Alongside Sensui was his loyal companion Itsuki, a demon who is forthright regarding his love for the hero-turned-villain. Sensui and Itsuki were a formidable duo because of their connectivity, a drastic change for a genre that hasn’t always been bold enough to make choices like this.
Not only was an LGBTQ+ person depicted, but there was an effort to make them more than just a trope of comedic relief. Sure, Sensui’s feelings weren’t necessarily discussed, but the two were inherently connected to each other.
Additionally, early in the series, Yusuke encounters Miyuki, a demon that Yusuke learns is transgender. While the scene starts out with Yusuke being, well, irresponsible and obnoxious, the fighter conveys that he treats each opponent the same.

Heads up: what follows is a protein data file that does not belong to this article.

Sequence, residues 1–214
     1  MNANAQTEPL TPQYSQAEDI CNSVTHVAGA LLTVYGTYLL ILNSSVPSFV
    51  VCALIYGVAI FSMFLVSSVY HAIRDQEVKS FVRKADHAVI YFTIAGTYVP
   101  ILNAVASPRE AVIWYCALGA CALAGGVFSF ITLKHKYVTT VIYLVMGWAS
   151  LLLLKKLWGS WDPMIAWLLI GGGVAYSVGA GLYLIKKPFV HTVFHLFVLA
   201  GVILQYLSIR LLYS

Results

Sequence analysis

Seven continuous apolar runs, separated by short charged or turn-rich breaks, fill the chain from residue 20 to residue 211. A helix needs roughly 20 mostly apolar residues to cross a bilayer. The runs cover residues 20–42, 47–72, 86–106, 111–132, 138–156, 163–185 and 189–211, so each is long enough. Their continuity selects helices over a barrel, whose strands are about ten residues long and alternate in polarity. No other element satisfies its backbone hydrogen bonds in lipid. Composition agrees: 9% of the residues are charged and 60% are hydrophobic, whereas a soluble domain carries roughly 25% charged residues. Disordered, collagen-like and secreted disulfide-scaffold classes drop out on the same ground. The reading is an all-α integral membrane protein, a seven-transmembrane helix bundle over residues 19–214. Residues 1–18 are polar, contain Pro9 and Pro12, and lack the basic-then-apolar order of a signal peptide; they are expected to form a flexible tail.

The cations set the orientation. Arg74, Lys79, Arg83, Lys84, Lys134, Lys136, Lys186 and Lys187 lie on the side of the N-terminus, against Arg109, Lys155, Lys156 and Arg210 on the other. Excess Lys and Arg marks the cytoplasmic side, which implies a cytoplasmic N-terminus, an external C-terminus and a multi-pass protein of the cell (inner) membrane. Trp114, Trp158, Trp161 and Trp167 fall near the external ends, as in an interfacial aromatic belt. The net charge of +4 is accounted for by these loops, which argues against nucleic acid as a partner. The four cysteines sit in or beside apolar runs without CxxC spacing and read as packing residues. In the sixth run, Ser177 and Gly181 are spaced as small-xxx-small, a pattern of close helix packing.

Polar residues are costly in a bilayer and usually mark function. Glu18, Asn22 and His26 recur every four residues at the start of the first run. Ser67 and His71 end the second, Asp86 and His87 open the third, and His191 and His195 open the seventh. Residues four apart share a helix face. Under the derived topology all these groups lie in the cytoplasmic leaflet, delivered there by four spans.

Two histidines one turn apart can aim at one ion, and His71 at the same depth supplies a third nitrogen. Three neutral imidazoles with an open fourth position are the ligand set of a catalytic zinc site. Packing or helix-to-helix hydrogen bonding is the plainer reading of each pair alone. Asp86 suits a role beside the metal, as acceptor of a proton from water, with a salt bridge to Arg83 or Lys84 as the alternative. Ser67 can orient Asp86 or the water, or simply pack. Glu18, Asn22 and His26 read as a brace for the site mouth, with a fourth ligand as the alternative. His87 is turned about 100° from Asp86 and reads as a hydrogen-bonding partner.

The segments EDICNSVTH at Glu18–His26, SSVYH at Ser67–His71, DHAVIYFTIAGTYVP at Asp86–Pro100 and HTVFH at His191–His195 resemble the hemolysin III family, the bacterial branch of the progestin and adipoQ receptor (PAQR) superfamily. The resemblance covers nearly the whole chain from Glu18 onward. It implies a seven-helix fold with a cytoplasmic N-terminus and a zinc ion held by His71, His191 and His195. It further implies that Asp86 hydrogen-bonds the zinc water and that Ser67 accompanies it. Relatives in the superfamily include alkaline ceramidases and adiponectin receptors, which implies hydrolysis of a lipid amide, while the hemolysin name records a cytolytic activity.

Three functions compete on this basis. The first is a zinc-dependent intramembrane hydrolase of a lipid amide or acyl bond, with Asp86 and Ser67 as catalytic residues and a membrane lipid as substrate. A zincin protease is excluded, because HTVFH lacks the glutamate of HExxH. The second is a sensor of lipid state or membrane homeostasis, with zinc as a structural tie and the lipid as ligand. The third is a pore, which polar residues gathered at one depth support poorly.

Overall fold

It’s an unconventional way to get our attention, but years later, Yusuke’s actions denounce inequality, and that’s something we can stand for.
Sekai Ichi Hatsukoi – The World’s Greatest First Love
When examining experiences with LGBTQ+ representation in anime, it’s also imperative to bring up Sekai Ichi Hatsukoi. Yes, the series is romantically driven, but it’s much more self-analytical than one would expect from the genre.
Sekai Ichi Hatsukoi is split into multiple must-see seasons and a film, depicting a quirky manga publishing company that blends comedy, drama and miscommunication. The series primarily follows six characters, in turn creating three starkly different relationships that face very real hardships.